From his 18th-floor corner office on Sheikh Zayed Road, Tareq Abuissa is just a few blocks away from his alma mater, the American University of Dubai (AUD).
And, demographically speaking, that is the direction that Abuissa, 29, looks in when he contemplates the local world of marketing.
"When I came to Dubai in 2004, I realised the youth did not have the same opportunities here as in the United Kingdom," says Mr Abuissa, who had transferred to AUD from a UK university that year. "I wondered how to create that platform to enable the youth to interact with the real world, and thought the best way to do that was through a marketing platform."
His advertising agency Youth to Marketing, or Y2M, offers street programs such as guerrilla marketing, roadshows and influencer marketing. But it also trains youths to interact with customers and improve communication skills.
Youth marketing, which came of age during the music channel MTV's early days, is not so popular in the UAE as in the United States or Australia, says Ian Michael, professor of marketing at Zayed University.
"Once companies understood that youths are a wealthy group of consumers, marketers became serious about this group, using them as brand ambassadors to make sure their peers are using the brands," he says.
Mr Abuissa says that today's youth have more autonomy and decision-making power than ever before.
"They are sophisticated young adults who see thousands of ads a day and know what marketing is and when they are being bombarded by ads," he says.
"They are more vocal today about what they want and only choose brands that they have a connection and a relation with; we help bridge that connection between youth and brands."
At Y2M, Mr Abuissa engages 200 young people in the age group 16 to 25 from more than 30 nationalities, including Emiratis, as brand ambassadors. They come from 12 universities and colleges across the nation.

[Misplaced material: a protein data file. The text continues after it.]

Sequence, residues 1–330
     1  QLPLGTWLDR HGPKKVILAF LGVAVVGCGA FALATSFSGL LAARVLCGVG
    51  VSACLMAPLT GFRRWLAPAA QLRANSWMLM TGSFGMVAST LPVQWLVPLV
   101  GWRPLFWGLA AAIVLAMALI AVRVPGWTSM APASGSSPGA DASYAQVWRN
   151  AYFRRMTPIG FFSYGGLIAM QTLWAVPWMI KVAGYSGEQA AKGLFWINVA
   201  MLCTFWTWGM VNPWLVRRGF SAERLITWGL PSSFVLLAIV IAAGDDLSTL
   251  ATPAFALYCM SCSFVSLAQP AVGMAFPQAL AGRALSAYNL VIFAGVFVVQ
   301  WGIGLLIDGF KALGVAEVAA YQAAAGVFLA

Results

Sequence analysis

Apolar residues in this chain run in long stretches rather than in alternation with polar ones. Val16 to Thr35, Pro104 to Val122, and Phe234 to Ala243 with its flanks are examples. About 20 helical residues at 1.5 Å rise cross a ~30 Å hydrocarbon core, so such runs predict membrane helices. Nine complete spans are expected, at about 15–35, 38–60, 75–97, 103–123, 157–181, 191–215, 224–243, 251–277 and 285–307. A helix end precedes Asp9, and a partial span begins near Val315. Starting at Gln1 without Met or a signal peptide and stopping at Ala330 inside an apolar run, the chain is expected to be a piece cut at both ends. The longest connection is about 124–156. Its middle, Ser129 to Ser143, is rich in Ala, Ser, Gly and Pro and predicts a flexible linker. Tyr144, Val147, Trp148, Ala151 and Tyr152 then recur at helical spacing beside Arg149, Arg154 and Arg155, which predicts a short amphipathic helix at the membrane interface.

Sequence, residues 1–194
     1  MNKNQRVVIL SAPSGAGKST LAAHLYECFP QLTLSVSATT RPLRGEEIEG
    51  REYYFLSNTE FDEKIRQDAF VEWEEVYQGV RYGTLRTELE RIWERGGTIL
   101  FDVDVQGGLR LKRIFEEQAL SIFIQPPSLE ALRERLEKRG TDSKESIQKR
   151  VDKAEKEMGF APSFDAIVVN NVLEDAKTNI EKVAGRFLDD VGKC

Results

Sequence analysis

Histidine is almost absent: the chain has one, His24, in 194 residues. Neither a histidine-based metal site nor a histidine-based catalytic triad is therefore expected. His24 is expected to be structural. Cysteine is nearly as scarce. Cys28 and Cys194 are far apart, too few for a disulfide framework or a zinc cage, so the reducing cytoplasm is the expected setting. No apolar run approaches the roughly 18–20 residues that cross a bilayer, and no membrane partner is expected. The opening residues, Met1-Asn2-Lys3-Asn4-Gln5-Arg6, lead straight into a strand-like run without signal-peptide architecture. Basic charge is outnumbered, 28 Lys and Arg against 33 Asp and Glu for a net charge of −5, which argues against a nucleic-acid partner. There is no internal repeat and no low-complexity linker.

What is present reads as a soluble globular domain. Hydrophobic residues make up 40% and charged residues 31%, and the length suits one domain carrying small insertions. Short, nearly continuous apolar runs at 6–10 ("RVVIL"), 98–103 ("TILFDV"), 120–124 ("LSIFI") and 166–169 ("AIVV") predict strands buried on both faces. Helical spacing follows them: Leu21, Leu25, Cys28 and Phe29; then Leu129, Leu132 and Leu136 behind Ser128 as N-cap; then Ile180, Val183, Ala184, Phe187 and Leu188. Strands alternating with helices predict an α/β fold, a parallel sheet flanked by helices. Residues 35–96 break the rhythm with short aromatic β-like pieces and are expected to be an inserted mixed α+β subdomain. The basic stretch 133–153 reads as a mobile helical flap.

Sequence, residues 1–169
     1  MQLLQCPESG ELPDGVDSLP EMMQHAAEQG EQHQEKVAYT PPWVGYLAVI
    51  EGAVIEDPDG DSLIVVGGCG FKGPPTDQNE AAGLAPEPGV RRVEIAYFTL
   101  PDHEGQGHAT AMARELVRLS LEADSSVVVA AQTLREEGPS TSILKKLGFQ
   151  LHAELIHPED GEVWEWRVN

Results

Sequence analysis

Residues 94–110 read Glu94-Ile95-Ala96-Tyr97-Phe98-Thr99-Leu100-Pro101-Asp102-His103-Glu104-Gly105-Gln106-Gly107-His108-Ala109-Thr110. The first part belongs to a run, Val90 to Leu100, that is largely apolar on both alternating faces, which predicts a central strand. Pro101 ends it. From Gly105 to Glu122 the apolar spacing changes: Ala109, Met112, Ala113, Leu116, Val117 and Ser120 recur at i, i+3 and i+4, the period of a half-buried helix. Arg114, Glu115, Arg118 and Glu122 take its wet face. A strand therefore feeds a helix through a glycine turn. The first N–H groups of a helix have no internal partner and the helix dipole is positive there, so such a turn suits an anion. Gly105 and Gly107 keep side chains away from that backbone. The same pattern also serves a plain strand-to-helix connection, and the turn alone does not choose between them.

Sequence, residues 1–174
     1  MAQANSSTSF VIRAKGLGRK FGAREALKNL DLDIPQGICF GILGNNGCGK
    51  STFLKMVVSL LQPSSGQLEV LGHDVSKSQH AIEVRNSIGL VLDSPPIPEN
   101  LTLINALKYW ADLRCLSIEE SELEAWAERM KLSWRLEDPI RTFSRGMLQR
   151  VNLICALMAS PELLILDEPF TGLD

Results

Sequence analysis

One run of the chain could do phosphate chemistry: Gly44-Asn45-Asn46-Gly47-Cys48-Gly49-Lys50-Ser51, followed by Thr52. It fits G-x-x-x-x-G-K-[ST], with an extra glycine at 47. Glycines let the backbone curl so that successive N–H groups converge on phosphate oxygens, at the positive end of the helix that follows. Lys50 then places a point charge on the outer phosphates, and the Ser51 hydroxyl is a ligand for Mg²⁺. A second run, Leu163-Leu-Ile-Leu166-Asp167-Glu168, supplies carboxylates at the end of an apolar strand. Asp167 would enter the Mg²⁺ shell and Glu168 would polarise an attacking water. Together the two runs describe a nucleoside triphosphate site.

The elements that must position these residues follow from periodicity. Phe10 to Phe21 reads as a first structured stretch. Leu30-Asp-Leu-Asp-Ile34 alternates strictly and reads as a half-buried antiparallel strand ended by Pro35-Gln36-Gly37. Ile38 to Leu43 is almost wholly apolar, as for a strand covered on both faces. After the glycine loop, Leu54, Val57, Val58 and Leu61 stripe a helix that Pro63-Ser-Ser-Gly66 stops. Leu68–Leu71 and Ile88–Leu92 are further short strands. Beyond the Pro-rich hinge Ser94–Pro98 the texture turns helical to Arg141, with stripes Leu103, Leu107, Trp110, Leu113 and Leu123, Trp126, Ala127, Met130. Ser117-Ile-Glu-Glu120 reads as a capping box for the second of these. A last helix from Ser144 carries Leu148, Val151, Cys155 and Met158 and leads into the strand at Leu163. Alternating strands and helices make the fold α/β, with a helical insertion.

"Currently they do marketing and promotions within friends and social networks," Mr Abuissa says. Since its launch seven months ago, Y2M had had Dh5 million invested in it and now employs 13 people.
Through its two relationship managers, both fresh graduates, the company connects directly with the youths and engages them through their websites and social media such as Facebook. Once the interested young people apply for a position, they are called for an interview where the company assesses their skills.
Once recruited to be ambassadors, Mr Abuissa says the youths get training on presentation and communication skills.
While the ambassadors do not get monetary compensations for their work, some of them have received credit vouchers from Al Futtaim Group, Samsung tablets and Sony mobile phones during brainstorming sessions at the office for coming up with fresh marketing ideas.
The brainstorming sessions offer "communication development and training, problem solving, presentation skills, strategy and implementation," Mr Abuissa says.
"A lot of people are outgoing, who can work at promoting a brand, and some others are quiet and shy but usually they are the creative ones."
The company teams up people from both these broad groups and shortlists the ambassadors for brands according to the interests of the youths. The current categories are fashion and arts, sports and gaming.
"We sort by hobbies and interests," says Mr Abuissa, a Qatari national whose family runs the IT solutions provider Omnix, where he still works in business development.
"There is a lot of interest among the parents and we get a lot of phone calls from them," he says.
Y2M has received applications from Jordan and Egypt through social media.
The company is also looking at creating a programme where, based on performance, it would recommend ambassadors to work as intern for three to six months at clients' local offices.
While Omnix is the only client Y2M's young ambassadors are working for currently, it is in talks with other potential clients in the food and beverage, IT, fashion and sports sectors.
One of the challenges Y2M faces is making people understand "what we are about", Mr Abuissa says. Some people are hesitant, he finds, while others are familiar with the idea of youth marketing and open to its potential.